Legal Migrations, Vulnerability, and Resilience

Страна: США

Город: Atlanta

Тезисы до: 16.09.2016

Даты: 09.12.16 — 10.12.16

Область наук: Юридические; Политология;

Е-мейл Оргкомитета:

Организаторы: Emory University School of Law


This workshop will interrogate the experience of traversing borders between legal forms through the lens of  vulnerability theory. Contemporary legal scholarship most often devotes attention to status categories conceived  as static positions of relative privilege or disadvantage. Vulnerability theory, which challenges the dominant  conception of the universal politico- legal subject as an autonomous, independent, and static adult, shifts us toward  a dynamic lens of analysis.  Vulnerability theory focuses on the evolution of  human needs across a life course,  asking how law does and should respond to dependence and foster resilience over time. The theory recognizes  that human beings are constantly susceptible to change, positive and negative, in our bodily, social, and  environm ental circumstances. This workshop will explore how we might understand the  processes of ‘legal  migration’ as dynamic responses to human and institutional vulnerability.

We are concerned, in particular, with legal migration processes as opportunities to foster resilience. Vulnerability  is both universal and constant. Resilience, by contrast, may be created and fostered by the distribution of assets:  social, political, environmental, economic, and cultural. The workshop asks how law might foster resilience  as  individuals and groups migrate between legal forms. In what ways does this migration foster resilience, reorder  dependencies, or expose different forms of vulnerability? How do “legal migrants” change the institutions and  categories they inhabit?  The a dvent of same- sex marriage, for example, provides the occasion to study the  migration of tens of thousands of couples from civil unions or a status of legal non- recognition to the privileged  status of marriage. We invite scholars to consider multiple exper iences of legal migration: from non -married to  married; child to adult; not guilty to guilty; migrant to asylum seeker and possibly citizen; contractual agents to  partners; union member to sovereign nation.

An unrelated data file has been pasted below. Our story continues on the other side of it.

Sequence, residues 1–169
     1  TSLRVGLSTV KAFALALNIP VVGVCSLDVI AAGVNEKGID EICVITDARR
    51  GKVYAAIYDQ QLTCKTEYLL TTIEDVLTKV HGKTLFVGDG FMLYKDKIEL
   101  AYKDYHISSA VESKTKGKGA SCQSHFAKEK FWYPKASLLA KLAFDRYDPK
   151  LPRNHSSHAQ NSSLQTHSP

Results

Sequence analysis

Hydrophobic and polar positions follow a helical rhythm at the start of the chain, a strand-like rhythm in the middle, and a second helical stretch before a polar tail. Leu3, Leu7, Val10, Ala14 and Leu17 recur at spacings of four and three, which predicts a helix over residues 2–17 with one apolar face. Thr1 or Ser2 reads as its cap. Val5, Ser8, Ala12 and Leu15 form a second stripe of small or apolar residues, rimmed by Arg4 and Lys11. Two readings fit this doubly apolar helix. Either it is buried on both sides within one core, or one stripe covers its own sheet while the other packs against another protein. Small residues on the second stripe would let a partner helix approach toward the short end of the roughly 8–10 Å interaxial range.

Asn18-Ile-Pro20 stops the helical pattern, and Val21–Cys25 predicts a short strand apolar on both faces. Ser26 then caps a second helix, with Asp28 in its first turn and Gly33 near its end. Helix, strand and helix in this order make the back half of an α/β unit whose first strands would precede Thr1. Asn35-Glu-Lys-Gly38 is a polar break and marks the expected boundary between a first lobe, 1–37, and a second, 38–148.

We encourage participation from scholars in multiple disciplines including law, the social sciences, andhumanities, and welcome papers which address the response to human and institutional vulnerability occasionedby processes of migration. Papers are invited to examine social experience as well as legal formalities, whiletopics may vary widely from transitions in corporate entity or financial institution status (particularly in contextsof economic development or flux); shifts in intellectual property treatment; the migration process of immigrants,asylum seekers, or business entities across sovereign borders; to the criminal justice process. Papers which engagevulnerability theory as a central tool of analysis are most warmly welcomed. Issues For Discussion May Include: - What effect does legal migration have on individuals, groups, or entities, and how do those who  migrate change the institutions and categories they inhabit? - How we might understand the process of ‘legal migration’ itself as a dynamic response to  human and institutional vulnerability?- In what ways does the law fragment the legal and social identities of individuals who occupy  varied status positions? - How does the law respond to individuals and groups engaged in the process of migrating  between legal forms?  - What shared questions of theory and methodology can ground interdisciplinary approaches to  these questions of legal structure and subjectivity?  - Under what circumstances do contract -based relationships and communities or status -based  legal recognition fost er resilience?- How does law respond to liminality? Do status positions exist outside law and, if so, what  opportunities and risks does this status entail? - How does the process of becoming a subject of law discipline social forms, and how do  individuals and groups reorganize their social relationships as their legal statuses shift?- Are there alternative metaphors to migration that may better capture the questions of risk,  protection, autonomy, dependency, and equality that arise from the movement across  boundaries of legal forms?- How does legal regulation of the migration process variously reproduce, entrench, or construct  vulnerability and resilience?  

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